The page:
This “spiritual food” analogy tells us that we can rely on music for movement  and meditation, as well as for solving problems while connected with our intuitive selves. When exercising and moving with music, the activity and listening heightens the moment, releases endorphins, rejuvenates the body, and engenders joyfulness in our souls and hearts. Exercise helps balance the nervous system and release anxieties, while the music beckons the spirit to rise to loftier realms of awareness and experience.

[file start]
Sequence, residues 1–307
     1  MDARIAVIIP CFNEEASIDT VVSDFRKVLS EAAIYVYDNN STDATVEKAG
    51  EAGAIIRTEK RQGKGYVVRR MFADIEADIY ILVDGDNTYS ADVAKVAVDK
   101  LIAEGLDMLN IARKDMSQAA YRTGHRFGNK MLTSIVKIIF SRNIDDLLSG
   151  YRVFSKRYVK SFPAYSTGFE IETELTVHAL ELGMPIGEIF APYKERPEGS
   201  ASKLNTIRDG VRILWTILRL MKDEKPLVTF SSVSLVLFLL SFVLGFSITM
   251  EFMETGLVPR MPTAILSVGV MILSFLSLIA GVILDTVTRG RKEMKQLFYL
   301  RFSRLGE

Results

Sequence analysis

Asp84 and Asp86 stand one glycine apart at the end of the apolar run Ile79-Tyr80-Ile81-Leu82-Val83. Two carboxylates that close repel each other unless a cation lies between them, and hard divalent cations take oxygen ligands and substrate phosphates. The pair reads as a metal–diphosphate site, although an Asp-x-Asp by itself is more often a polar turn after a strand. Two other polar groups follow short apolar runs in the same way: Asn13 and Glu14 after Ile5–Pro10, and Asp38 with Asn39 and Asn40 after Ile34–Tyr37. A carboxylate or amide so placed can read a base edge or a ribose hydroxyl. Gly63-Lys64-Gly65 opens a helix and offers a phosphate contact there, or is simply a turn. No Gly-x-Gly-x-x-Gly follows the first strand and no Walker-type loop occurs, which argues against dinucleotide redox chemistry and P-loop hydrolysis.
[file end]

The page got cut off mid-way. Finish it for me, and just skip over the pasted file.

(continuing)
RELATED: Can Music and Melody Awaken Our True Nature?

Mindful that the mind is powerful, due care should be exercised lest abysmal thinking shatter well-being. The take-away lesson: by getting fully into your body and your soul through movement and music, traumas do heal, as this passage from Abdu’l-Baha in the Baha’i writings clearly indicates:

Praise be to God that thou hast two powers: one to undertake physical healing and the other spiritual healing. Matters related to man’s spirit have a great effect on his bodily condition. … Therefore, treat thou the sick with both powers. Spiritual feelings have a surprising effect on healing nervous ailments.

The combination of active bodily movement and joyful, soulful music can have a tremendous impact on your entire being, and help release the trauma and suffering you’ve undergone in your life.